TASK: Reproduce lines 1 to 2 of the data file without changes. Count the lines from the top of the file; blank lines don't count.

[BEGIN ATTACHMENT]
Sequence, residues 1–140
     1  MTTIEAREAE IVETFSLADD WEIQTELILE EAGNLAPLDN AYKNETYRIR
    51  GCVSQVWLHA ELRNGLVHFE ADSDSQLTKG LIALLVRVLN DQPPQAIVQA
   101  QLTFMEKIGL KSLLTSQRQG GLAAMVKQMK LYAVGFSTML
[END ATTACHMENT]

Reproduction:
Sequence, residues 1–140
     1  MTTIEAREAE IVETFSLADD WEIQTELILE EAGNLAPLDN AYKNETYRIR